A few days ago Channel 5 screened another episode of Hidden History of Britain. Presented by former politician Michael Portillo, the episode covered Shepton Mallet Prison and the case of Leroy Henry. Shepton Mallet should be familiar to readers of Crimescribe, as should Leroy Henry who I've previously covered. You can watch it here. I … Continue reading Leroy Henry, Shepton Mallet and the curious case of George Edward Smith.
Crime, it’s a part of human existence. It’s in our culture, our art, our literature, our entertainment. For some of us it’s in our blood. It’s also crossed over into our language. Seemingly normal everyday phrases, the kind most people use without even thinking about their origin, can often have the darkest, most disturbing meanings. … Continue reading On Crime And Conversation – Criminal Slang In Everyday Use.
The race is over, but the flags are still flying, the airhorns are blowing and the fans are cheering.. The crowd will drift back to the campsites soon, either heading back tonight on the ‘ferry dash’ or for one last night on the beer before it’s all over for another year. The winning drivers have … Continue reading Leaving Le Mans
We're back in Pennsylvania for our latest criminal curiosity. Irene Schroeder, AKA 'Triiger Woman', 'The Blonde Bandit', 'Tiger Woman' and 'Iron Irene', was the first woman to be electrocuted in Pennsylvania. Executioner Robert Elliott said that, of all the 387 convicts he executed, that she was the most composed and fearless inmate he ever executed.She … Continue reading Irene Schroeder – Pennsylvania ‘Trigger Woman.’
.Public Executioner. It’s not what you’d call an everyday profession. Unusual? Certainly. Skilled? Absolutely. Dark and scary? Well, it depends on why you fancy the job, really. But it’s certainly not the sort of work that most people would consider a life’s ambition or the family business unless you happen to be Albert Pierrepoint. Albert … Continue reading Albert Pierrepoint – Master Hangman.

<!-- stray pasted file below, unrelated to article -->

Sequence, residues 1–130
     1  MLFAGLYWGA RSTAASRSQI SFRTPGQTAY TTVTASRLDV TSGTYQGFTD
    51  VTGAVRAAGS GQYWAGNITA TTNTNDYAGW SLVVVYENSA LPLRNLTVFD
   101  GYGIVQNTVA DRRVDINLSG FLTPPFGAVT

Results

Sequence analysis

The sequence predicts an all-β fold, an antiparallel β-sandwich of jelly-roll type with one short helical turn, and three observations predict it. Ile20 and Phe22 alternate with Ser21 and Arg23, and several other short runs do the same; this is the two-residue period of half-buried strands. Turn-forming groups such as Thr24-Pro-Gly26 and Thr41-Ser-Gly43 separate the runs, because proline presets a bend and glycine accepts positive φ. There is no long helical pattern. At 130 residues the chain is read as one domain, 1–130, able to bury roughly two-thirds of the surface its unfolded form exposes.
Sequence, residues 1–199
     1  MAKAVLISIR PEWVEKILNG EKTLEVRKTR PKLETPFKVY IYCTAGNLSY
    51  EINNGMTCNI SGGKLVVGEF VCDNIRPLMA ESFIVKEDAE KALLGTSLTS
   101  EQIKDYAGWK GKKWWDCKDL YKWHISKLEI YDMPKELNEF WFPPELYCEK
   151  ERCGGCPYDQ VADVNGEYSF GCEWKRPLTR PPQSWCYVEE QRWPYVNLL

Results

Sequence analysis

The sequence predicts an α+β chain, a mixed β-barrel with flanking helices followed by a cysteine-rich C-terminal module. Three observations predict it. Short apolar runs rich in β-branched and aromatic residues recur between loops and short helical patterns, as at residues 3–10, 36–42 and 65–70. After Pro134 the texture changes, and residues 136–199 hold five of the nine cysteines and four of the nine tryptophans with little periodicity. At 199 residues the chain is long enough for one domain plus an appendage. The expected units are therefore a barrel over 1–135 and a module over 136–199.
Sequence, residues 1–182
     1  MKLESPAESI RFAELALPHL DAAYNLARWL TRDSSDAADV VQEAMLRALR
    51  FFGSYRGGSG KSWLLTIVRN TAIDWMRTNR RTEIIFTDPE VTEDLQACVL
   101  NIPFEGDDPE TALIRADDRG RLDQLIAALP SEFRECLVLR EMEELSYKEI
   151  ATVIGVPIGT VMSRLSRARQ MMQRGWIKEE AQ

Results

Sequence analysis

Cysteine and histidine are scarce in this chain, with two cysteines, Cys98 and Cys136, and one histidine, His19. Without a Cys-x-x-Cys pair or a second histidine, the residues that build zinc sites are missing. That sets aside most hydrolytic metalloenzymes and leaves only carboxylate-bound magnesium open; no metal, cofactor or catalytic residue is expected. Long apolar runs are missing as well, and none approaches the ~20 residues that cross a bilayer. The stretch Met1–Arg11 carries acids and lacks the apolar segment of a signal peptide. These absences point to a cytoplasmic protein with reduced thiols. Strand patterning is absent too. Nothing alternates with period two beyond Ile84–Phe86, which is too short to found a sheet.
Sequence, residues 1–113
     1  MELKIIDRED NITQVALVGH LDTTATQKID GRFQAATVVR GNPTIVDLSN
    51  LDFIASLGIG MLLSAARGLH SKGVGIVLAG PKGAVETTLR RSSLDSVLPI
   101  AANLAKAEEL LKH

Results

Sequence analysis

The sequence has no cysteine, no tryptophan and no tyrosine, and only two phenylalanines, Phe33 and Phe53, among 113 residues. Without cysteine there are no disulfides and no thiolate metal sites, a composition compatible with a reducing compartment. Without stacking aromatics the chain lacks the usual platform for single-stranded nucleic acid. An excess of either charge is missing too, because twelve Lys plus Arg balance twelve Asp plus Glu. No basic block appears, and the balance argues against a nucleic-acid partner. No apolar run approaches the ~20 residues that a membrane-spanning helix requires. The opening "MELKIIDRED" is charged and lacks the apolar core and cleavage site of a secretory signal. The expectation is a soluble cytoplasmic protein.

Well, we'll problably never know and that's what makes this case so interesting. A distinguished Professor, two Inuit helpers, the first successful expedition to the North Pole and Admiral Robert Peary, one of America's most famous explorers. Throw in the frozen wasteland of the Arctic Circle and that the murder (if it was a murder) … Continue reading Professor Ross Marvin – Murder At The North Pole..?
William Huddle Ledbetter. AKA ‘Lead Belly’, was one of the archetypal blues icons of the Deep South. He wasn’t from Mississippi or Chicago, unlike so many contemporaries, but he still had a prodigious appetite for music and the talent to match. His fondness for life’s many rich pleasures (mainly involving boozing, brawling and bumping monkeys) … Continue reading Huddie ‘Leadbelly’ Ledbetter – Bluesman, Convict and Murderer.
Lieutenant Colonel John Malcolm Thorpe Fleming Churchill. Known to his friends as ‘Jack.’ Known to his fellow Commandos as ‘Mad Jack’ and/or ‘Fighting Jack.’ Probably known to the German Army as ‘Oh no, it’s him again’, He started life in the leafy, peaceful English county of Surrey. It was about the last conventional time and … Continue reading John ‘Mad Jack’ Churchill
Meet Paul Poluszynski, alias 'Paul Jawarski', known throughout Pennsylvania as 'The Phantom.' Before the end of his extremely violent (and, some might say, mercifully brief) criminal career he claimed to have killed twenty-six people including four police officers and a payroll security guard. His gang, the 'Flatheads', also committed the first-ever robbery using a landmine. … Continue reading Paul Jawarski – Pennsylvania’s Phantom Dynamiter.
The strange case of Leroy Henry attracts me for two reasons. One is that I like to look at the unusual. Even if posting on a widely-known and common story then I prefer one with a twist. It helps keep things interesting. Leroy Henry's case was very interesting. Private Henry was one of the hundreds … Continue reading The Strange Case Of Leroy Henry